Savon de Marseille maison, la recette facile.



I believe that finding real Marseille soap in Gozo turns out to be mission impossible. I’ve looked everywhere, but I’ve never found some. So, I’ve decided to go to great lengths by making my own homemade Marseille soap.

Well, I’m taking all the credit, but it was actually Gleb’s idea. Like me, he has a strong taste for homemade and artisanal products. He’s the one who cooks the most at home ! We wanted to be able to make our own liquid detergent, black soap, baby soap, dish soap… basically everything that can be made with homemade Marseille soap.

Making your own Marseille soap is not complicated, and the ingredients can be found easily. On the other hand, it’s necessary to take a few safety precautions, and above all you’ll have to be patient. Marseille soap is quick to prepare, but it must dry for at least four weeks before it can be used.
Nevertheless, making homemade Marseille soap is really worth it. In addition to the satisfaction of having made an organic product of excellent quality yourself, you also contribute to the well-being of the planet. And to the well-being of your wallet ! With this homemade Marseille soap recipe, I made about 1,1 kg of soap, for a total cost of 6,36€.

Préparer 1kg de savon de Marseille maison.

I’m sure that after all this, you’re dying to learn how to make homemade Marseille soap ! Ok, I’m exaggerating, but I’m still going to teach you how to make your own organic soap. And you will be surprised at the simplicity of the task !

Homemade Marseille soap recipe

Making homemade Marseille soap : ingredients and equipment

To start, you need to put together a few simple ingredients and equipment. During the making of the soap, this equipment will come into contact with caustic soda – or sodium hydroxide -, a highly corrosive product. Like sulfuric acid, caustic soda burns the organic tissues with which it comes into contact. For this reason, the equipment you will use should be used for soap making only.

Les ustensiles pour fabriquer du savon de Marseille maison.

The equipment :

  • A large glass jar, big enough to use a food mixer inside.
  • One or two regular glass jars (pickles jar, for example).
  • A few utensils : two or three spoons, a knife… As for the rest, these utensils will have to be used for soap making only.
  • A food mixer (I’m using an old mixer from Lidl).
  • A silicone mold, preferably in a rectangular shape to make Marseille soap.
  • A cooking scale.
  • Safety glasses.
  • A safety mask.
  • A pair of gloves.
  • A thermometer for liquid preparations. I managed to do without, so it’s not absolutely necessary, but it will make things easier for you.

It’s important to use glass containers, for two reasons. First, caustic soda may react poorly with certain types of plastic that are not intended for this purpose. Secondly, the chemical reaction occurring during the mixture of caustic soda with demineralized water (see step n°1) heats up a lot and could melt a plastic container.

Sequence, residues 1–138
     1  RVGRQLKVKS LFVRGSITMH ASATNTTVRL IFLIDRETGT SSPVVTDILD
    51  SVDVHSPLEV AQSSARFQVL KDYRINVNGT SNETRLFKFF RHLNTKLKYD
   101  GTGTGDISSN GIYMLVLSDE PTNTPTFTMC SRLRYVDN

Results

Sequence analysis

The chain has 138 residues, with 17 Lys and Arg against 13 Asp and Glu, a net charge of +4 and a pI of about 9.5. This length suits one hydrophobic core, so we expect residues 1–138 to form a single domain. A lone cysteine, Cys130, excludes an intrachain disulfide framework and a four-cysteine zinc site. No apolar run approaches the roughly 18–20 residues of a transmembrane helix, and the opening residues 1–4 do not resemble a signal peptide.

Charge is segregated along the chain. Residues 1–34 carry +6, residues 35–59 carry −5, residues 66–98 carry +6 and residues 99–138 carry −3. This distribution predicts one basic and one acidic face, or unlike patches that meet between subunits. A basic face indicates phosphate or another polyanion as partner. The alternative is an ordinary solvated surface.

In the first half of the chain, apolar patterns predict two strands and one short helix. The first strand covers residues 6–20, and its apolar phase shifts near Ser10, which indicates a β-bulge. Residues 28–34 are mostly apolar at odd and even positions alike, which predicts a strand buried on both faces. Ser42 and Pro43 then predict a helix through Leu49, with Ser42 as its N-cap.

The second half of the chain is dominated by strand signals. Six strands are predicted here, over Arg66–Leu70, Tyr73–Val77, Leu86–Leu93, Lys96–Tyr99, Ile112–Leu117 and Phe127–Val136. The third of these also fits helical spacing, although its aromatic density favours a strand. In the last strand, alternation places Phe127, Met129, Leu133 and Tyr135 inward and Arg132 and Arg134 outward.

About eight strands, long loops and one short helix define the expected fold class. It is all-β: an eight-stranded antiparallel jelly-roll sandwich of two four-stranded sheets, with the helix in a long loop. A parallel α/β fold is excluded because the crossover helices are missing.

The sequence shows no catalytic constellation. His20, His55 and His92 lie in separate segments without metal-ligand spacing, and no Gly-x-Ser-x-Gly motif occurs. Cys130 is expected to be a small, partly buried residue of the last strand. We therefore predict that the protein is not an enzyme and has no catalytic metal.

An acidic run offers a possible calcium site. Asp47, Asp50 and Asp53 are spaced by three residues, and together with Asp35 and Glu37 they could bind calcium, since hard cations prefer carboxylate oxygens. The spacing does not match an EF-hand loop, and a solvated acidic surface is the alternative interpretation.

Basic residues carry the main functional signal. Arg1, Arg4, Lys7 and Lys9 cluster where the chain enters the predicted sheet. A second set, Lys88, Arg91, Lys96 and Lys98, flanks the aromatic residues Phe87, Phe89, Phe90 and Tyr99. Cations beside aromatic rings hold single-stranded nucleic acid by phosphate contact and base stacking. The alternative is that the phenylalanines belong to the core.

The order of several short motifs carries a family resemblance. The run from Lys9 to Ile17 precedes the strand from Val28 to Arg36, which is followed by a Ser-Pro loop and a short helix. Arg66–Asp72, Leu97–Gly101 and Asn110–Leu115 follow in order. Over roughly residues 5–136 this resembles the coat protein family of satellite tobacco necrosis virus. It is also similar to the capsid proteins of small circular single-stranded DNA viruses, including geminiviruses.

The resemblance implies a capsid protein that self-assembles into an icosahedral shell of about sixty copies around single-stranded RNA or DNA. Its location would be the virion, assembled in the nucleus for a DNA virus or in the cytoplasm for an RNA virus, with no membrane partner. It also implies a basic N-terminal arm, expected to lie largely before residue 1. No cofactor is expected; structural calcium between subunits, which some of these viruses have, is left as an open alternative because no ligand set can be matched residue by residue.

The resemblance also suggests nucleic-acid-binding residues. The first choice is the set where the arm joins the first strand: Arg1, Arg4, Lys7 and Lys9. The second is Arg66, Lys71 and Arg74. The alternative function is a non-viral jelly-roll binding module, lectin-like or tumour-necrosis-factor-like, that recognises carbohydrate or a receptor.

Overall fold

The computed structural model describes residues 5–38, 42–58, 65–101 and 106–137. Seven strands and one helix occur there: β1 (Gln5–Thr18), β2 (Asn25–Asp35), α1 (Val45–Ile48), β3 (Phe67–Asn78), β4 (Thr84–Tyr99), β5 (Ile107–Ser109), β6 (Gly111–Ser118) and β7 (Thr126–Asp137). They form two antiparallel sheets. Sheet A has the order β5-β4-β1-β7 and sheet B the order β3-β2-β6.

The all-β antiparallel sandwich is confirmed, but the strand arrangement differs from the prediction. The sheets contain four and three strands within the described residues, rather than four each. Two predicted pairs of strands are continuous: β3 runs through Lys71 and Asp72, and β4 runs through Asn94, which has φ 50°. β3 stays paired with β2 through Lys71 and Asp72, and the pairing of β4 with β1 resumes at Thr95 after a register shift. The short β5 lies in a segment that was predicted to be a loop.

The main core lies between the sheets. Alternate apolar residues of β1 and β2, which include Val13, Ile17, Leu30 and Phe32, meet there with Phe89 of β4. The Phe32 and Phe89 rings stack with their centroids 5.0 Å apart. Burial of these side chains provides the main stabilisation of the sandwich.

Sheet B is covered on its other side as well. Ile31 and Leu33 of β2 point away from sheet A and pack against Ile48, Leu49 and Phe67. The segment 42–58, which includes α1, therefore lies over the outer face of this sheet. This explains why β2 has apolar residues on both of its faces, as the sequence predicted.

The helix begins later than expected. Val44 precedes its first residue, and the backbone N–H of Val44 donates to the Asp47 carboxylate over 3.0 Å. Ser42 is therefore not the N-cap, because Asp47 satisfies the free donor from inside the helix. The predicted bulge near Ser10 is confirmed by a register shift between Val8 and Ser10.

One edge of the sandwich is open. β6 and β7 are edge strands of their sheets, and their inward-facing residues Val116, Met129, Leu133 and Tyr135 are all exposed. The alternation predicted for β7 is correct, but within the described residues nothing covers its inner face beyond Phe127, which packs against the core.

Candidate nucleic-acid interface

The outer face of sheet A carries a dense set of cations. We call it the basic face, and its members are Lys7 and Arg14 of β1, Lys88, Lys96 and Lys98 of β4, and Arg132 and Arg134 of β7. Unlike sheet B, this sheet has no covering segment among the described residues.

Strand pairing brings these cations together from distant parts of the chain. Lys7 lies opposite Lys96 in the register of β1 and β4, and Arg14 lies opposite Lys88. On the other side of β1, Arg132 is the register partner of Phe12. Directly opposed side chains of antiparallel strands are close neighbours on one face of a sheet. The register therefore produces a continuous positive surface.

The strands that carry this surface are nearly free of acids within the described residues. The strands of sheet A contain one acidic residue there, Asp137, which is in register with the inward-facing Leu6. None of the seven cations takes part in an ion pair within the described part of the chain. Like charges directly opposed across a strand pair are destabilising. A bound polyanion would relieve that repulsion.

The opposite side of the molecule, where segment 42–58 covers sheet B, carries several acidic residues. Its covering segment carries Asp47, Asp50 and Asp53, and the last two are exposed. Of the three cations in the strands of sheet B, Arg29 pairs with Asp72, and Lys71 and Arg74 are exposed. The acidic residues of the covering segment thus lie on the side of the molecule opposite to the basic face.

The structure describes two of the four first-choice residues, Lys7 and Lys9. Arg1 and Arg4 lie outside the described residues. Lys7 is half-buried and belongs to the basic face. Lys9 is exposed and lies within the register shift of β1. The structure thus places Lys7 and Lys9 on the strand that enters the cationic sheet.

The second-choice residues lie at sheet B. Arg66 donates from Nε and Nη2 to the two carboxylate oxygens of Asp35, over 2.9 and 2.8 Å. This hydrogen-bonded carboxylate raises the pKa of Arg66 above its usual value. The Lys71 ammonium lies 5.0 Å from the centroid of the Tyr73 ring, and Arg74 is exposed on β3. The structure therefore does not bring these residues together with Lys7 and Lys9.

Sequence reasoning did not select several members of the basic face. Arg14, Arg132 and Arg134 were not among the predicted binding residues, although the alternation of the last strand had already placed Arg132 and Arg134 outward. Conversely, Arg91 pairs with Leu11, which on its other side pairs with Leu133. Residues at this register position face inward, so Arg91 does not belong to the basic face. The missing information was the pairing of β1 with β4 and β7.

Also, do not use metal containers.

Les ingrédients pour faire du savon de Marseille maison.

Ingredients :

  • 527 grams of organic extra virgin olive oil.
  • 162 grams of organic coconut oil.
  • 40 grams of castor oil.
  • 173 ml of cold demineralized water (put it in a glass jar in the fridge beforehand).
  • 98 grams of caustic soda (sold in hardware stores).

It’s possible to make Marseille soap with 100% of olive oil. I tried, and it works too. But the real Marseille soap recipe only contains 72% olive oil, supplemented with another vegetable oil (here, coconut oil). In my recipe, castor oil was added to increase the foaming power of the soap.

Homemade Marseille soap recipe, step by step

Before you start making your homemade Marseille soap, free up space on your work surface and prepare your equipment and ingredients. Arrange the exact amounts in containers. Remember that everything that will come into contact with the caustic soda must be reserved for soap making. You will have to act fast during the process because saponification starts very quickly, so be sure to have everything at hand. Put the safety goggles, mask, and gloves.

Important precaution : keep some white vinegar nearby. It will not be used in the recipe, but it can save your skin if it comes into contact with caustic soda. Indeed, white vinegar, thanks to its acidity, has the power to neutralize the action of the soda and stop its corrosive power. Otherwise, lemon juice also works.
If you receive a splash of caustic soda, neutralize it with white vinegar then rinse thoroughly with cold water.

La recette facile pour faire du savon de Marseille.

Step n°1 : mix demineralized water with caustic soda

– In the glass jar containing cold demineralized water, very carefully pour the 98 grams of caustic soda, using a spoon. Mix well.
– The chemical reaction will strongly heat the mixture. This is why the demineralized water must be cold (to limit the heat). If the jar becomes too hot, place it gently in a bowl filled with room temperature water.
– Let the mixture cool until it reaches 40 to 45°C. The thermometer will be useful if you have one, otherwise you can assess by hand, by touching the jar (it should be a little warmer than a bath). Cooling should take about ten minutes. Meanwhile, go to step n°2.

Faire du savon chez soi, explications.

Step n°2 : heat up the oils